The event, widely seen as a uniting force, for a nation rocked with decades of racial divisions, was broadcast to millions of people across the world. A crowd of around 30 000 people waved flags and screamed their approval as president Jacob Zuma, FIFA president Sepp Blatter and later Nobel Laureate archbishop emeritus Desmond Tutu, emerged on stage to address them.
"I would like to thank you all but especially I would like to thank South Africans for welcoming our visitors so warmly and please continue that spirit. Africa is showing the world that it is capable of holding any matter of the world like any other region," said Zuma.
He thanked FIFA for "believing" in South Africa by bringing the first African World Cup to the country of Nelson Mandela. "It's like I'm dreaming"
Sporting a green and yellow striped hat and scarf, Tutu told the people of the world that they were welcome in South Africa. "It's like I'm dreaming, man, wake me up!" he said to loud ululations.
The party got underway in style with a joyous and truly African rhythm provided by veteran South African trumpeter Hugh Masekela and Afro-pop sensation Lira. But it was when US group Black Eyed Peas entered the stage that things really warmed up. The group performed three songs, including their popular offering 'I've got a feeling'.
Colombian pop star Shakira and South Africa's Freshlyground wowed the crowed with their performance of the official anthem for the tournament Waka Waka (It's time for Africa).
The concert had everything you needed to make a really enjoyable and exciting evening and South African artists did not disappoint and proved themselves to be among the best in the world.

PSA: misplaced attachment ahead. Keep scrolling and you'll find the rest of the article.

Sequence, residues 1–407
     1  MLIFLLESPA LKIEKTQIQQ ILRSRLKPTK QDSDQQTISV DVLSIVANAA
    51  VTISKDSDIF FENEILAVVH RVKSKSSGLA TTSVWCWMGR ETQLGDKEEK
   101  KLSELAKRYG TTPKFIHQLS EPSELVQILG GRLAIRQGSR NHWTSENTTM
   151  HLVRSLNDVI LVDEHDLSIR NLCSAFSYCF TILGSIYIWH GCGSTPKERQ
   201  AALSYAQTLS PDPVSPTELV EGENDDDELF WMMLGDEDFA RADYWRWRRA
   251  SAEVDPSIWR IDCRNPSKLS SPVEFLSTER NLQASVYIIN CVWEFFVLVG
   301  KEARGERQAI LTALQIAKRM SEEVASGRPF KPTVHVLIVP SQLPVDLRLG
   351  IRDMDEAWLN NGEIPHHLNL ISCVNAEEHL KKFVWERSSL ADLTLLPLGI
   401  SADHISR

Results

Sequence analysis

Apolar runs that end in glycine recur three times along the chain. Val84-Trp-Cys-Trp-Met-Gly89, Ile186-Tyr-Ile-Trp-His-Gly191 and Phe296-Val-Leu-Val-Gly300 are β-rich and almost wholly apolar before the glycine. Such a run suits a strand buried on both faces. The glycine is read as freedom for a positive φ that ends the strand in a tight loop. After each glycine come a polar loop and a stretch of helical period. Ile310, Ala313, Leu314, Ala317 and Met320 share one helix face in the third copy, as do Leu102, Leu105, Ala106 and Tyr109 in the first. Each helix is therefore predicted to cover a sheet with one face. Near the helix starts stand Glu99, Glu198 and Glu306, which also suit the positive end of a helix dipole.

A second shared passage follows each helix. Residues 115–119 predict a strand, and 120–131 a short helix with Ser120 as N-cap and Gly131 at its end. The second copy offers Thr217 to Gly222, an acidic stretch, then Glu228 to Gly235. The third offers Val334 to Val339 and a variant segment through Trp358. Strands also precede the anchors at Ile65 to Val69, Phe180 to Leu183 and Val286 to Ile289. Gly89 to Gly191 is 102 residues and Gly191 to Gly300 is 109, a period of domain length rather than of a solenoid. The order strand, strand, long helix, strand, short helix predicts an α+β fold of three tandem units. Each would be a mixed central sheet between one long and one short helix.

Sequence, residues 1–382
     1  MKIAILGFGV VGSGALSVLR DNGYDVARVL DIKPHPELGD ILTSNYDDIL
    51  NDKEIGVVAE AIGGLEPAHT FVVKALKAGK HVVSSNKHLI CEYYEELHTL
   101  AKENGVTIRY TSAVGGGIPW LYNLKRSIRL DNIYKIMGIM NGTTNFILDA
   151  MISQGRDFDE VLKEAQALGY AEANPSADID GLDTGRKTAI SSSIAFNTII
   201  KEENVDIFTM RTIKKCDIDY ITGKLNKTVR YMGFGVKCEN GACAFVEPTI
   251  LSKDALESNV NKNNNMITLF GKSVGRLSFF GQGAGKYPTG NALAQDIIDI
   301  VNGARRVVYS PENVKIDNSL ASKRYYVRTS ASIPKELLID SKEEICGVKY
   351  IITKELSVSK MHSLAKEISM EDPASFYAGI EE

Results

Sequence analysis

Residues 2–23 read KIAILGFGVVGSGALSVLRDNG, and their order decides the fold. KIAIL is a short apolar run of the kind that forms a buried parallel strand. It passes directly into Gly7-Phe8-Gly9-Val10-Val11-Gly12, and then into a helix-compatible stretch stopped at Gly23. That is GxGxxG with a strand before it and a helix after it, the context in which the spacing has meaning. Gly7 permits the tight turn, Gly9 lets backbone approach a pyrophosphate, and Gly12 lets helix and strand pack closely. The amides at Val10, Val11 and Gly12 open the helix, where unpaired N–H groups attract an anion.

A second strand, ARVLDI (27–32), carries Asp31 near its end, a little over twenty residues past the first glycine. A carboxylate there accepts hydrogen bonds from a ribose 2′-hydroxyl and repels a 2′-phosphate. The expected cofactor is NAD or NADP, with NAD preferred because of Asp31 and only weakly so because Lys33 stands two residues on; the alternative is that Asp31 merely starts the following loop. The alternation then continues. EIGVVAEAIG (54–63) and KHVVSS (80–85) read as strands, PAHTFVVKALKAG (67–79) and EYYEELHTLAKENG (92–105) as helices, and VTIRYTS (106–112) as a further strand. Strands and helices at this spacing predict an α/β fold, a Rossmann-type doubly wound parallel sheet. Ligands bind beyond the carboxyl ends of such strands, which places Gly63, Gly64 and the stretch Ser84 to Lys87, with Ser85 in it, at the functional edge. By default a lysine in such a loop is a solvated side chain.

When United States R&B sensation John Legend bounced onto the stage, it was a very public confirmation of something those in music have been aware of for a while - that this singer, songwriter and producer packs a musical talent of staggering proportions. A six-time Grammy winning recording artist and acclaimed concert performer, Legend did well with his collaboration with Angelique Kijo of Benin, producing a rare African American mix. Night belonged to
But no doubt the night belonged to the US's Alicia Keys with her splendid performances from her latest album 'Element of Freedom'. It has been a long time since fans had seen the pregnant Keys on stage and they clearly loved her last night.
It was clear that not even the freezing Johannesburg night could divert concert-goers from their jovial mood.
"I am extremely happy to be part of this, this is history my brother, no world cup concert of this magnitude had ever taken place anywhere in the world before, it starts here," said Cedric Ndlovu, who works for a law firm in Zimbabwe. He had traveled all the way from Zim to see his favourite stars, like Legend and the Black Eyed Peas, perform live in his neighbouring country.
"I love what I saw tonight. The performances were good and the concert really brought us together as Africans," said Ndlovu.
Angela Ludek of Benoni said: "I don't care what anyone else says but I think South African artists were great. The whole thing was great, I loved every moment".
FIFA had hoped that the concert would break television viewership records.For more: